Project management guru Harold Kerzner once suggested that project managers should, after five years, be reassigned from the field of project combat to a kind of senior statesman/stateswoman role, no longer at the line of fire but providing information and counsel to their successors in the active profession.
Kerzner's point was that the five-year tour of duty is pretty much the limit for healthy and useful active contribution. Few project managers I know see it that way, nor do their organizations. As a result, there are veteran project managers available for examination as to the long-term results of living with the job.
Not surprisingly, some of the oldtimers have given up, projecting a grumpiness that keeps annoyances at bay, or they're just resigned to a life of low expectations. Some, though, are vigorous and assertive, having found competence with serenity. They are great project managers, and are great to be around. How do they do it?
I like to think these successful people, who have full, enjoyable lives both in their project work and in everything else, do so by applying sound project management practices to the way they live.
It's not quite as stark as drawing up a project plan for my life, accounting for the nine knowledge areas and five process groups and 42 processes to cover my yardwork, grocery shopping and visiting the children. But it's not a bad idea to step back from one's intense participation in life's unbroken chain of moments to reflect on what's happening.
When you do that, using an analytical, results-driven way of evaluating what you're spending your time on, and how and why, choices become clearer. You can plainly see how a few strategic decisions or opportune moments have gigantic effects. The river of life flows on, made up of thousands of small realities, and we are carried along. The lesson here, though, is that we can have as much control as our insight and courage command.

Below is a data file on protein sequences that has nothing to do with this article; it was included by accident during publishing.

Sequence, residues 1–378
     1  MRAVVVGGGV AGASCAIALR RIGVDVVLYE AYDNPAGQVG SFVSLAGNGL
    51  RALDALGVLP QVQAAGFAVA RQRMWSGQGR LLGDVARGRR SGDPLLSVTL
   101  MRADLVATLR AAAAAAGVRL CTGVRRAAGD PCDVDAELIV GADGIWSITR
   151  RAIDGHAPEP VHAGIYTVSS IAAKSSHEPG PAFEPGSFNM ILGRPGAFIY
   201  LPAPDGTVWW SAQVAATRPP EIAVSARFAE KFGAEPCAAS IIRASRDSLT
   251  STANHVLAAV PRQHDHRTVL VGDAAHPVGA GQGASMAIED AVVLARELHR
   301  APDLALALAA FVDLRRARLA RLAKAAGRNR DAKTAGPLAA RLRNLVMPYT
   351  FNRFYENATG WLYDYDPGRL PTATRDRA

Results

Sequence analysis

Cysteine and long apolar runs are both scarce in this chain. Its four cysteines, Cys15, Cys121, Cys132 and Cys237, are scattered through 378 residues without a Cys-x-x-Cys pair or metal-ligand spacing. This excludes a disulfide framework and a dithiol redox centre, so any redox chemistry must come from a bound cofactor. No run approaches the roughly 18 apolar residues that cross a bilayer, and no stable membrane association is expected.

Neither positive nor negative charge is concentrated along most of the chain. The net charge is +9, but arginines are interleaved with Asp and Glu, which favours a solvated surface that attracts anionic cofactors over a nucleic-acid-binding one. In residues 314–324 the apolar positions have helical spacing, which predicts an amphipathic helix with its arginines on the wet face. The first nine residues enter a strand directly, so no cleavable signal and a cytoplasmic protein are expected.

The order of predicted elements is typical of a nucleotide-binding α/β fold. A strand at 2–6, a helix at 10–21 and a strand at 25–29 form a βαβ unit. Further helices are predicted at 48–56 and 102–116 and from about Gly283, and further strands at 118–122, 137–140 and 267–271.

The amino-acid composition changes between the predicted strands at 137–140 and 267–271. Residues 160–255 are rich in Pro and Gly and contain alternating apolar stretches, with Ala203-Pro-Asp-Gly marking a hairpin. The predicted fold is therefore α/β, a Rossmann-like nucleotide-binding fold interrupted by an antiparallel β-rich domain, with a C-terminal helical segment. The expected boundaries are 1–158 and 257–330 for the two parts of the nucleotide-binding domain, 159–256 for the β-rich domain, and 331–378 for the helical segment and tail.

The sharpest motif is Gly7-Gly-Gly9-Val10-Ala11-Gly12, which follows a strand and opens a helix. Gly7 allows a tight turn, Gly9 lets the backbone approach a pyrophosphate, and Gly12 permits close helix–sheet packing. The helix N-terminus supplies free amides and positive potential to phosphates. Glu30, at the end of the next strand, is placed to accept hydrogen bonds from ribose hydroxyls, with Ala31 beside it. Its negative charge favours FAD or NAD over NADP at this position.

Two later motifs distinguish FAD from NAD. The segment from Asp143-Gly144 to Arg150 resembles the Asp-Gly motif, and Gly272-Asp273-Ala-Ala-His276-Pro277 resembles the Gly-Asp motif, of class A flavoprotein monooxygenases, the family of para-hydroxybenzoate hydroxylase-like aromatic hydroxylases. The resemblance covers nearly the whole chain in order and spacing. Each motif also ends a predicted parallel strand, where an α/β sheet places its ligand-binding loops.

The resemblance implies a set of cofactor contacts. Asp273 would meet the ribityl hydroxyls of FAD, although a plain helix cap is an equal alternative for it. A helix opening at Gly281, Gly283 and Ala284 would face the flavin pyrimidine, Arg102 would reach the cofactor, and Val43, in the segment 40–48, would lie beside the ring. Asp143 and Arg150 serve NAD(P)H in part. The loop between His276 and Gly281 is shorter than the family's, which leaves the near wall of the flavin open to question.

This process can seem largely involuntary, but it's not. The many factors thrust at us every day as inevitable, as required? Actually they are matters of free choice. We can have as much control as we want to work for, through developing insight and applying reasonable levels of planning and follow-through. If cultural norms or organizational practices stifle our actions, it is because we have chosen to allow that to happen.
And this habit of misjudgment generates much of the excessive stress in the life of the project manager. The active ingredient in stress is a conviction that bad things are happening to me and I can do nothing about them.
The competent project manager never accepts either the undesirable factors in the environment or the sense of helplessness in dealing with them. The antidote to harmful stress has two components: Management of the activities and circumstances in which the project manager functions, and management of the attitudes and beliefs by which the project manager lives. Organizing the exterior, controlling the interior.
The successful project manager thoroughly understands that. Competent planning, negotiating and leadership are good project management when applied to the organization, the situation and the stakeholders. They are good personal productivity management when applied to the self.
Together, they direct the natural stress of project management into fruitful performance within a balanced life.